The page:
An experienced photographer not only knows how to arrange and position his subject(s), he also knows how the light will fall upon their form at any time of day. He must also be a master of indoor lighting, which can be contained and controlled with astonishing precision in a studio.
In this article, we will discuss four simple and reliable ways professional photographers capture such stirring images based on the use of shadow and light. These techniques are utilized by pros and shutterbugs alike and have never gone out of style, even as new technologies have changed the art form forever.
Before we begin, it is important to note that no type of lighting or shadowing is good or bad. They are merely tools that can be used to create great art. But like any art, the basics are almost always the most important and difficult techniques to master.
As the name implies, backlighting is light that originates from behind your subject or subjects. A classic example of this technique is a happy couple saying “I do” on a windswept beach with the sun setting in the background. When done correctly, the images are unforgettable. When botched, they could scare Stephen King!
So, how do you get it right? The simplest way is to use the metering mode on your camera, as it helps determine lighting conditions and prevent photographic disasters. If you are using a digital camera, you might also adjust the shutter speed, which will give you more control over lighting in nearly any environment.
When the light source is coming from either side of your subject(s), part of picture will be in the light and part in the shadows. Playing with and mastering this delicate, sometimes dangerous balance is what separates a shutterbug from a professional photographer. A common example of this technique is when the subject stands beside a window with the sunlight pouring in. As you might expect, the side of their body that is exposed to the light will be illuminated, while the other half will be in the shadows, or at least less bright.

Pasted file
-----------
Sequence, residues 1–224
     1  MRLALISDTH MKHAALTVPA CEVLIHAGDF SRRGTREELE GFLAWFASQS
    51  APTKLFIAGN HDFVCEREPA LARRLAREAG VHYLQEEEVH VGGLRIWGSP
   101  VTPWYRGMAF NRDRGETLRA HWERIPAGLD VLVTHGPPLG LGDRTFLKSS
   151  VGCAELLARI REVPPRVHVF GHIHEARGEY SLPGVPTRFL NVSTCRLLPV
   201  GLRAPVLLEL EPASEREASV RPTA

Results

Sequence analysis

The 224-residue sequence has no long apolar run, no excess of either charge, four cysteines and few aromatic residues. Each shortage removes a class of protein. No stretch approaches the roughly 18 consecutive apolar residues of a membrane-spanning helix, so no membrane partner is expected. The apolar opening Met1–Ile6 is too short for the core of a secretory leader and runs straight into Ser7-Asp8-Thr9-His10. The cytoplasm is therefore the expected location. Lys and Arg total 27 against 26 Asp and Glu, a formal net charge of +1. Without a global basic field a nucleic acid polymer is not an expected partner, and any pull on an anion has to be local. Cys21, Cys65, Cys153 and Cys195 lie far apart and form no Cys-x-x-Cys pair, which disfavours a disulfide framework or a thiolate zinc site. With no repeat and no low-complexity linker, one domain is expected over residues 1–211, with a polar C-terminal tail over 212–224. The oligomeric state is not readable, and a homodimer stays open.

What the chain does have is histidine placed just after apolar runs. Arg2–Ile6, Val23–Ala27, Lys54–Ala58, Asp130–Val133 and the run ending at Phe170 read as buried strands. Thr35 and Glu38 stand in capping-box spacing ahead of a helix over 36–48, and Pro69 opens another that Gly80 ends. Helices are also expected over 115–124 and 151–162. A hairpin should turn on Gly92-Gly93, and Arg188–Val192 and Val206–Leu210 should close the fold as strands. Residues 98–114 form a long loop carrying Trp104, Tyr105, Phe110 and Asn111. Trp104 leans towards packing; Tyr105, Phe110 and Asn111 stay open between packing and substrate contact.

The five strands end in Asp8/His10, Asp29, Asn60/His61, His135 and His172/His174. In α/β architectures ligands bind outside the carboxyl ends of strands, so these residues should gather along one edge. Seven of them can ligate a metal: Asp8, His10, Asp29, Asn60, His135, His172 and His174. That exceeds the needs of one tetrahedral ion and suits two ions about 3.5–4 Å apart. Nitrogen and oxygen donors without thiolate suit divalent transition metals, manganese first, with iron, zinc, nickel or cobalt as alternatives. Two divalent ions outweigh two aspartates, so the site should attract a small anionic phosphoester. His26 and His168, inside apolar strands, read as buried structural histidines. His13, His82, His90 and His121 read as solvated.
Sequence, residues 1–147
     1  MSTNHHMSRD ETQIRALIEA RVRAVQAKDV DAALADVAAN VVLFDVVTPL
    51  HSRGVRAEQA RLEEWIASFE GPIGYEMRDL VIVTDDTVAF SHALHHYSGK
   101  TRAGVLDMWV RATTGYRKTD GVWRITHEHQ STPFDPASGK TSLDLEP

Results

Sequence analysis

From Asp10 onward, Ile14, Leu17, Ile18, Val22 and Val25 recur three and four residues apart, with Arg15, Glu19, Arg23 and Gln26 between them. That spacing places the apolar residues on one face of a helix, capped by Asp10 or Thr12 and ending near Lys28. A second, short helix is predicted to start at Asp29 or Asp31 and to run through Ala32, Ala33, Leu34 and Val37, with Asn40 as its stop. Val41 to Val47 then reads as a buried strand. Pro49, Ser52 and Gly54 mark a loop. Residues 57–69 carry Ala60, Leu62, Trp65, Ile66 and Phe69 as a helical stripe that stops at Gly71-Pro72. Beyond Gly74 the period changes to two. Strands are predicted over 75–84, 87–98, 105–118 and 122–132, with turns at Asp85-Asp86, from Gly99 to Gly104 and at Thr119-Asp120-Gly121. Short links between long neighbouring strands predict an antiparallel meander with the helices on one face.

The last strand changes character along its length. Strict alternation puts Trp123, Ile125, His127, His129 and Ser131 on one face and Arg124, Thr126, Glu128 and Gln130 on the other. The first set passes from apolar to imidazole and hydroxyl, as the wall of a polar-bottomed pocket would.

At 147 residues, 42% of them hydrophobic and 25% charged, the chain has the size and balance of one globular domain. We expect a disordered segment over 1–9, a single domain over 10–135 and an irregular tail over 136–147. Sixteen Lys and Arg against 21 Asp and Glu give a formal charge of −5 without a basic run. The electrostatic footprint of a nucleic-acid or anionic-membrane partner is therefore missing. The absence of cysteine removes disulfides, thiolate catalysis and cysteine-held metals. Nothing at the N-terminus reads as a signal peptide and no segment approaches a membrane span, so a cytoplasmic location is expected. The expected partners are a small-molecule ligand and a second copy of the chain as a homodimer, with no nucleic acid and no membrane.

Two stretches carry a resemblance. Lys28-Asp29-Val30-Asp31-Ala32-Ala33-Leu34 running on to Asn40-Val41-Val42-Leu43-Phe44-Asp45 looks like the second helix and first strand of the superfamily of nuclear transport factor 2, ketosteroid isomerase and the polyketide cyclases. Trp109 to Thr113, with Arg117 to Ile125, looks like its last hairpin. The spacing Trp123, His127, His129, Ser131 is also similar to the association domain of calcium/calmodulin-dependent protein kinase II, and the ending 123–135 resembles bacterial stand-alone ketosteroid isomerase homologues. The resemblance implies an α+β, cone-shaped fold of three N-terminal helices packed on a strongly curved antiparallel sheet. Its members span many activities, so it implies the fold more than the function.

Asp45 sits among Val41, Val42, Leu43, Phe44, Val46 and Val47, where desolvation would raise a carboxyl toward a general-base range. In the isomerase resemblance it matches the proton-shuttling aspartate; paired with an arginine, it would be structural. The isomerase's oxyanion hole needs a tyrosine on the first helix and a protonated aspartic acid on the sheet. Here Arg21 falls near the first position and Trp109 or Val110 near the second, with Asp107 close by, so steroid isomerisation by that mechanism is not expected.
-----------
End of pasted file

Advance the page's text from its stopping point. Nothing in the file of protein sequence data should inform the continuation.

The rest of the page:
As a technique, side lighting can be quite complicated. An experienced photographer might ask his subjects to change positions and rotate many times before he gets the angles he’s looking for. A good tip is to turn off the flash and rely entirely on natural lighting, since it often produces a softened effect. You can also use a white reflective surface, whether poster board or paper, since it will reflect the light onto the shadowy side and produce a more balanced shot.
Every experienced photographer understands when not to take a picture. He knows, for example, that snapping shots during the early afternoon is almost always a mistake, since that is the time when the sun is brightest. This harsh light often results in over-exposed photos that don’t put anyone in a good light…pun intended!
As a general rule, the best time to take outdoor pictures is when the sun retreats behind the clouds and the sky is slightly overcast. This produces a good mixture of light and shadows that is flattering to most subjects in almost any scenario. When shooting indoors, of course, you can always use white reflective surfaces and special materials that can be draped over the lighting source to help soften it and make it more diffuse.
Although it’s obviously much easier to control than natural lighting, the artificial variety is far from perfect. When using a flash, for example, even a professional may snap shots where his subjects are plagued with the dreaded “red eye” effect. To solve this problem, you can use an external flash if your camera is compatible with the helpful accessory. Of course, you can also remove red eye with photo-editing software…but it’s always best to simply avoid the issue by doing the job right the first time!